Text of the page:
Fallacies: Presumption

Report
Presentation: Fallacies - Presumption vs. Relevance
Homework
• Reading: pp. 145-152
The Study
Guide is
available
online
• Recommended Exercises
(do at least the starred problems)
– 4.3.III (of relevance & weak induction)
– 4.4.I
(of presumption & ambiguity)
– 4.4.III: 1-50
Model exercise for the exam
Remember
How does each specific argument commit a fallacy of that type?
• Where precisely is the offending element in the argument?
Kinds of Informal Fallacies
Fallacies of:
1.
2.
3.
4.
Relevance
Weak Induction
Presumption
Ambiguity or Whole/Part
a.
b.
Ambiguity
Whole/Part
• Where premises do
support the conclusion
– Insufficient evidence to
warrant conclusion
•
•
Conclusion unlikely
Fallacies of induction
Kinds of Informal Fallacies
Fallacies of:
1.
2.
3.
4.
• Premises are logically
immaterial to conclusion
Relevance
Weak Induction
• Attention drawn away from
supporting evidence
Presumption
– appeal to some irrelevant
Ambiguity or Whole/Part
a.
b.
Ambiguity
Whole/Part
concern
– often intentionally deceptive
• Premises appear relevant
Kinds of Informal Fallacies
Fallacies of:
1.
2.
3.
4.
Relevance
Weak Induction
Presumption
Ambiguity or Whole/Part
a.
b.
Ambiguity
Whole/Part
• Premises reiterate or
presuppose conclusion
– Simple or deceptive
– May also presume what
needs proving
Fallacies of Presumption
1. Begging the Question
2. Complex Question
Formally, identical
to valid arguments
3. Either … or … (false dichotomy)
4. Suppressed Evidence
Fallacies of Presumption
• Begging the Question
1. Conclusion is restatement of some premise
•
Simple: In same words
•
Complex: In different words of same meaning
•
Deceptive: Key premise missing but asserted as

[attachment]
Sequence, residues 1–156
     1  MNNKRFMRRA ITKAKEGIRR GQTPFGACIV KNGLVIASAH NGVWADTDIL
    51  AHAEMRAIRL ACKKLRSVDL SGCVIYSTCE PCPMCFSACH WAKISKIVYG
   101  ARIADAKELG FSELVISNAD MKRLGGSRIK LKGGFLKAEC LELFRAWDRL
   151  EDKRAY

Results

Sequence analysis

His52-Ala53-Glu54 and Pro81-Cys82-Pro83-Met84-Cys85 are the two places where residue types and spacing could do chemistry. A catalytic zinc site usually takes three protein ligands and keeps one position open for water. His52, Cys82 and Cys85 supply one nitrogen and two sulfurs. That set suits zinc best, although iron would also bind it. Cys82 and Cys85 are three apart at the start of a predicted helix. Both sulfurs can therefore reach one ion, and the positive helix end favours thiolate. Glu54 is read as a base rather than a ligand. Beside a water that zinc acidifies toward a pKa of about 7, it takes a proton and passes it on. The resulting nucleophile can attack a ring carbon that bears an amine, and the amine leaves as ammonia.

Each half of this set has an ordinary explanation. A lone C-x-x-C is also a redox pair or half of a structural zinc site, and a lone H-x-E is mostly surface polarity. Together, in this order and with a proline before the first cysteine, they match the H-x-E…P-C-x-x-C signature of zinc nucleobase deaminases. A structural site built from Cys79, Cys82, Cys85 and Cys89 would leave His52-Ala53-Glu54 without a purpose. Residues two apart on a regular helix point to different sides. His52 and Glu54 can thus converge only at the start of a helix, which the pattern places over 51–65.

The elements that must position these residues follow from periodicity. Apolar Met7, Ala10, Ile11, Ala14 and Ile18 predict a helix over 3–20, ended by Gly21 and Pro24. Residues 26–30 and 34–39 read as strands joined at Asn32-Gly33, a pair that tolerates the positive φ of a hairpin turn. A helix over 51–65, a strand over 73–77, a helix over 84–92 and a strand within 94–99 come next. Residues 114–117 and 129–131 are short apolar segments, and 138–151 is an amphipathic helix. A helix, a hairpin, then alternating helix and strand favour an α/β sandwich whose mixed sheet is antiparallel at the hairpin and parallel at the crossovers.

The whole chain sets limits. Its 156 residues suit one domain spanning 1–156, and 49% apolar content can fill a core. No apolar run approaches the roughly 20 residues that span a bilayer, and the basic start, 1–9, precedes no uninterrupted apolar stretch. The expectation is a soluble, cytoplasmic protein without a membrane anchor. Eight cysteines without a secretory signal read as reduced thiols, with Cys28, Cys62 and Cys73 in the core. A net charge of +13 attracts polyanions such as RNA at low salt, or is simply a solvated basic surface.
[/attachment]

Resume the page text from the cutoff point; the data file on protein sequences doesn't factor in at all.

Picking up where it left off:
premise
2. Circular argument
•
Premises presuppose conclusion which, itself,
presupposes premises
Fallacies of Presumption
P⊢P
1 (1) P
A
Fallacies of Presumption
• BQ (restatement)
– We have a brain in our skulls but no mind. The
mind is a myth, since the mind is just a fairy tale
we tell ourselves to believe in life after death.
A myth and a fairy tale
are one and the same thing
Shaky premise
Fallacies of Presumption
• Circular Reasoning
To cast abortion as a solely private moral question…is to
lose touch with common sense: How human beings treat
one another is practically the definition of a public moral
matter. Of course, there are many private aspects of
human relations, but the question whether one human
being should be allowed fatally to harm another is not
one of them. Abortion is an inescapably public matter.
Source: Helen M. Alvaré, The Abortion Controversy, Greenhaven, 1995, p. 23.
(http://www.fallacyfiles.org/begquest.html)
Fallacies of Presumption
• Circular Reasoning
To cast abortion as a solely private moral question…is to
lose touch with common sense: How human beings treat
one another is practically the definition of a public moral
matter. Of course, there are many private aspects of
human relations, but the question whether one human
being should be allowed fatally to harm another is not
one of them. Abortion is an inescapably public matter.
Source: Helen M. Alvaré, The Abortion Controversy, Greenhaven, 1995, p. 23.
(http://www.fallacyfiles.org/begquest.html)
Fallacies of Presumption
• Circular Reasoning
To cast abortion as a solely private moral question…is to
lose touch with common sense: How human beings treat
one another is practically the definition of a public moral
matter. Of course, there are many private aspects of
human relations, but the question whether one human
being should be allowed fatally to harm another is not
one of them. Abortion is an inescapably public matter.
Source: Helen M. Alvaré, The Abortion Controversy, Greenhaven, 1995, p. 23.
(http://www.fallacyfiles.org/begquest.html)
Fallacies of Presumption
• Circular Reasoning
To cast abortion as a solely private moral question…is to
is a public
matter.
lose touchAbortion
with common
sense: How
human beings treat
one another is practically
the definition of a public moral
Why?
matter. Of course, there are many private aspects of
human relations, but the question whether one human
Abortion
is a notfatally
a private
matter.
being should
be allowed
to harm
another is not
one of them. Abortion is an inescapably public matter.
Source: Helen M. Alvaré, The Abortion Controversy, Greenhaven, 1995, p. 23.
(http://www.fallacyfiles.org/begquest.html)
Fallacies of Presumption
• “Either … or …” fallacy